Pueblo Bandits celebrate milestone in men’s fastpitch

Written by Bob on May 3rd, 2012

The Pueblo Bandits have had several top-10 finishes in the ISC World Tournament, including 10th place in 2009 at the Quad Cities of Moline and Rock Island, Illinois. Courtesy Photo / 2010 ISC World Championship Guide

PUEBLO, CO – Some will claim men’s fastpitch softball is well past its prime. That it’s a sport wobbling and reeling on the ropes like an old, worn out boxer awaiting the knockout punch.

If you’re preaching this kind of blasphemy, beware: Because if this nonsense talk reaches the Santos boys – brothers Chris, Mike and Jerry, and the youngster, Nick – it will certainly cause a collective and menacing growl. And probably a stern reprimand.

The Santos, along with their late father Joe, have been playing this sport collectively for better than 150 years. And they have no plans on stopping now. Or folding their beloved team, the Pueblo Bandits, which celebrates a special milestone this year.

2012 marks 25 consecutive years of Bandits fastpitch. It all started back in 1988 when Jerry Santos and a few of his friends decided they wanted to start a fastpitch team.

And they kicked off their birth with a bang by winning the Colorado ASA Class C state championship, and advancing to the ASA C National Championship tournament.

“That’s how the Pueblo Bandits story begins,” said Chris Santos, 52, who has played, sponsored and managed the team since also joining the ball club in ‘88.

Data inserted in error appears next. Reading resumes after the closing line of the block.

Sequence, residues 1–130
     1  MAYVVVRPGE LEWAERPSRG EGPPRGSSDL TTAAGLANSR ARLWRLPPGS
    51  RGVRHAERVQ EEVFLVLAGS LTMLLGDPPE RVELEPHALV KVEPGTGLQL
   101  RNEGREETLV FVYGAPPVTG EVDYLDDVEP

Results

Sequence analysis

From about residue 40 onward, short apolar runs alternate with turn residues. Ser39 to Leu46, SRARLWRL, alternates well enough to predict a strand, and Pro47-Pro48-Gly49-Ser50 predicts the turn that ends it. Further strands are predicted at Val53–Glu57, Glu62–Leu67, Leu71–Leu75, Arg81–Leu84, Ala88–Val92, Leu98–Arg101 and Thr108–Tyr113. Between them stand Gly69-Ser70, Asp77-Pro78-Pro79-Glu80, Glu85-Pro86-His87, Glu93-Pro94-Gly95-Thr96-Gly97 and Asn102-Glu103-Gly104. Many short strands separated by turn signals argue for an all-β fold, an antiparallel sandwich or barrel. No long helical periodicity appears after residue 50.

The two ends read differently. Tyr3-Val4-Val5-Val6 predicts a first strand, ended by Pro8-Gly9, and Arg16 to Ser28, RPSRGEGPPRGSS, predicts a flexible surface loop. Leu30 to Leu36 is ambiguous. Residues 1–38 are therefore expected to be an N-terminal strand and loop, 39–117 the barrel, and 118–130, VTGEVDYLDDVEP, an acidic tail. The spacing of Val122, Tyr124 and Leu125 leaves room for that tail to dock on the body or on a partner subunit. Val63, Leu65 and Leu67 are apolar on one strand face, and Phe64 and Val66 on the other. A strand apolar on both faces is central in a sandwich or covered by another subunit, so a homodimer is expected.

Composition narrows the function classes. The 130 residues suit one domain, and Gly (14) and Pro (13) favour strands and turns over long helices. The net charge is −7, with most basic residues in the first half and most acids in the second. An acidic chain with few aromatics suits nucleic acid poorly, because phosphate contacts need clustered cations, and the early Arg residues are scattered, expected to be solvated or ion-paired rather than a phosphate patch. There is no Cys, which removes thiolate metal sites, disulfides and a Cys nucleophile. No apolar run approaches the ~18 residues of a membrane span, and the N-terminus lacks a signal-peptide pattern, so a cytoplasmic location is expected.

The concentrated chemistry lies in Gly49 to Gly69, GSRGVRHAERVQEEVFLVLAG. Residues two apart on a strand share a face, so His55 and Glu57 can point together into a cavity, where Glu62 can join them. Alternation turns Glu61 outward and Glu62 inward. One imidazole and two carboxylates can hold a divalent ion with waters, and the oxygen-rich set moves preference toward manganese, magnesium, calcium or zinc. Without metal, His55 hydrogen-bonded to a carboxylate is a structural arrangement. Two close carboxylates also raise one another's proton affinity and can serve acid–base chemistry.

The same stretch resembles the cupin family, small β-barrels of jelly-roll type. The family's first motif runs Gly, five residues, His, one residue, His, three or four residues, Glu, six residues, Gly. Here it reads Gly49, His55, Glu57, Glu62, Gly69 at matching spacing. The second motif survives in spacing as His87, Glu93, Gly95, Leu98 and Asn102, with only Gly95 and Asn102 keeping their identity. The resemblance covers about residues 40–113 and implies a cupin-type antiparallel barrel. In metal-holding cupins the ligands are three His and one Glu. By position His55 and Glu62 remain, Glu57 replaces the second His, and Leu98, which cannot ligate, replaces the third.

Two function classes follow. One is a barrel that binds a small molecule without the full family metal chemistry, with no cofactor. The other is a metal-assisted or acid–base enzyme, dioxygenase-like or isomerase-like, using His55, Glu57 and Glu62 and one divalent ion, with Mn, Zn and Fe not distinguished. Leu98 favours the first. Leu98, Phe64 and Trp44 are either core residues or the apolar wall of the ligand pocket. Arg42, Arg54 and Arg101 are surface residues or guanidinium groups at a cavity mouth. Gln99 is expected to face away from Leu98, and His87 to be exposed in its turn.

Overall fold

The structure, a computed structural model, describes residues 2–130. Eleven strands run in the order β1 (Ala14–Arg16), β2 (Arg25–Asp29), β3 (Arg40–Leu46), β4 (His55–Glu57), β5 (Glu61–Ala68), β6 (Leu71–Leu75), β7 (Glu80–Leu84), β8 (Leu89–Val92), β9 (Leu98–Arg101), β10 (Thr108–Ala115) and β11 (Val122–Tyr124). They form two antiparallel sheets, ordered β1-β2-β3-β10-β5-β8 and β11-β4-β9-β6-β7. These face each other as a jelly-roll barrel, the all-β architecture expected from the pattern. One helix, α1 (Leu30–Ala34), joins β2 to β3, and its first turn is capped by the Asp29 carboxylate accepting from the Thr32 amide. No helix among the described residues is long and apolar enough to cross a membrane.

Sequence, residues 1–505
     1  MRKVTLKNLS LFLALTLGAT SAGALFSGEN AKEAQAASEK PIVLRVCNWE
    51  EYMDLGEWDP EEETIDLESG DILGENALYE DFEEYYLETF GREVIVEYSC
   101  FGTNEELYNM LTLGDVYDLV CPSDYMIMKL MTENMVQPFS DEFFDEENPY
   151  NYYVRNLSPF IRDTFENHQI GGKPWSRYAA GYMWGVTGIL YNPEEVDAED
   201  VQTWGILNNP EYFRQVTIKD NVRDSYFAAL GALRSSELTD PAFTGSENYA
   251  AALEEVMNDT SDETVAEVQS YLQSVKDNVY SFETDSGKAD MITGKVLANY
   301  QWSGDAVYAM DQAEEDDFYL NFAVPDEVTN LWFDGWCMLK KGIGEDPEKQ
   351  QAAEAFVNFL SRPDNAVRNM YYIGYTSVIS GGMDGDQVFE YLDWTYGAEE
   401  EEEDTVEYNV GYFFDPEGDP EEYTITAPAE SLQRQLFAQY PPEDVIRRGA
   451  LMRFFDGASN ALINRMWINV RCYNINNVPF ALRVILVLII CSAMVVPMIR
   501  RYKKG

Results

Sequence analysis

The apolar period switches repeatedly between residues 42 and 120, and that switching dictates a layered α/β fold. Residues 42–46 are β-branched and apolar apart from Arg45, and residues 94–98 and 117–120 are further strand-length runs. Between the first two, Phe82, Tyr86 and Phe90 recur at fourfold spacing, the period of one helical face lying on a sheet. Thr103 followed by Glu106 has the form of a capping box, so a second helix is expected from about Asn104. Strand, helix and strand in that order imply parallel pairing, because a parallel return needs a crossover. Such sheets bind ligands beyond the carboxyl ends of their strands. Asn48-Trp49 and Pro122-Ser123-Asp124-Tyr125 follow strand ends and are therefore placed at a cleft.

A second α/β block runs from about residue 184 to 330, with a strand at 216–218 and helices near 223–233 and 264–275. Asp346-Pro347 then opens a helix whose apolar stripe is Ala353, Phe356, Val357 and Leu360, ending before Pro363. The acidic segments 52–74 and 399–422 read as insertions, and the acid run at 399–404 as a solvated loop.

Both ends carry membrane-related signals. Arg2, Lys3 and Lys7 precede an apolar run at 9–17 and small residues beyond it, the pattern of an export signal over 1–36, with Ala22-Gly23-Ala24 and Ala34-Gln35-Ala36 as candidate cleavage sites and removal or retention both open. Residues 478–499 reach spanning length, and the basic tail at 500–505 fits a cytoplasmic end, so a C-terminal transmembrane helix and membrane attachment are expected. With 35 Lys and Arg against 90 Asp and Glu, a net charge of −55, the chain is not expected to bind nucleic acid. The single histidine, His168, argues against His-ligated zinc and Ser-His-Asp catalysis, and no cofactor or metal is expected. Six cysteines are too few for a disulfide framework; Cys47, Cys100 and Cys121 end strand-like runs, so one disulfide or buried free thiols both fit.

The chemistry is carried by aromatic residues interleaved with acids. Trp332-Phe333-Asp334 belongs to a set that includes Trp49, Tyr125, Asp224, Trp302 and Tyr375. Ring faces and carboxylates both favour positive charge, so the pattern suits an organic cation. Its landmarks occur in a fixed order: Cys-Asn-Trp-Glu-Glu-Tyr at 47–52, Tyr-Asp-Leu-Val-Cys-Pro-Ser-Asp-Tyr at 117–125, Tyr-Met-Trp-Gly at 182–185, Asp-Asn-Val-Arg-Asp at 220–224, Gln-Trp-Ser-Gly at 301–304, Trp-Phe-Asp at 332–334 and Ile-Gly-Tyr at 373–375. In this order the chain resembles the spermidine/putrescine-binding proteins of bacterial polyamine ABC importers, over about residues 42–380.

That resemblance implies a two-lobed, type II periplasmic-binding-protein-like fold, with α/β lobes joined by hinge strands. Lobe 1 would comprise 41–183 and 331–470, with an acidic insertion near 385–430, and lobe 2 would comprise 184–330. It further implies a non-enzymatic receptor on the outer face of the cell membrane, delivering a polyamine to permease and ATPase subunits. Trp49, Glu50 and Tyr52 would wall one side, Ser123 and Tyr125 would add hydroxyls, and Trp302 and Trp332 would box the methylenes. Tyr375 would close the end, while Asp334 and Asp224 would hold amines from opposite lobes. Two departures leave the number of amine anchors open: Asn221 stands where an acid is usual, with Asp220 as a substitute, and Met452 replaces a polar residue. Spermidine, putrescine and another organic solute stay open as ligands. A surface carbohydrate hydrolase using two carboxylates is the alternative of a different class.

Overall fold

The Santos’ didn’t stick around at the C level for long. Like hunters stalking bigger prey, they set their sights much higher: at the International Softball Congress level. Where the best teams compete for the coveted title of “World Champion.”

Aiming higher is a trait the Santos boys learned from their father, who brought his sons into the game when they were about eight years old.

The Santos’ love for fastpitch all started with their father, Joe Santos.

“We all grew up on the Pueblo softball fields watching my dad play and umpire,” Chris Santos said. “My dad had a huge influence in mine and my brothers’ lives, and his love for the game was one of those special things he passed on to us.”

The Bandits are an open-division team. But they operate on a modest budget. So you won’t find their roster dotted with New Zealand, Australian or Canadian all-stars. Instead, Chris Santos favors homegrown talent. Except for top-shelf pitching, which must be imported because of the scarcity in the U.S.

“My dad taught me from his playing days that if you want to play with the big boys you have to have pitching,” Chris Santos said. “And you must play against the best pitching possible to compete. So we have always tried to make sure we had good pitching and played a tough schedule.”

But other than imported pitching – which this year includes Max Montero of Argentina – the Pueblos roster is decidedly Colorado with ten from the Rocky Mountain state. Only three players come from other states.

Jerry Santos and Shawn Vanduvall are exclusive Bandits earning 25-year player pins. Jerry, 45, has caught all 25 years, while Vanduvall patrols the outfield and is the designated hitter. Jerry chose the catcher’s gear because that’s what dad did.

“I started playing fastpitch when I was eight years old, and since my dad was a catcher, that’s the position I tried out for,” he said.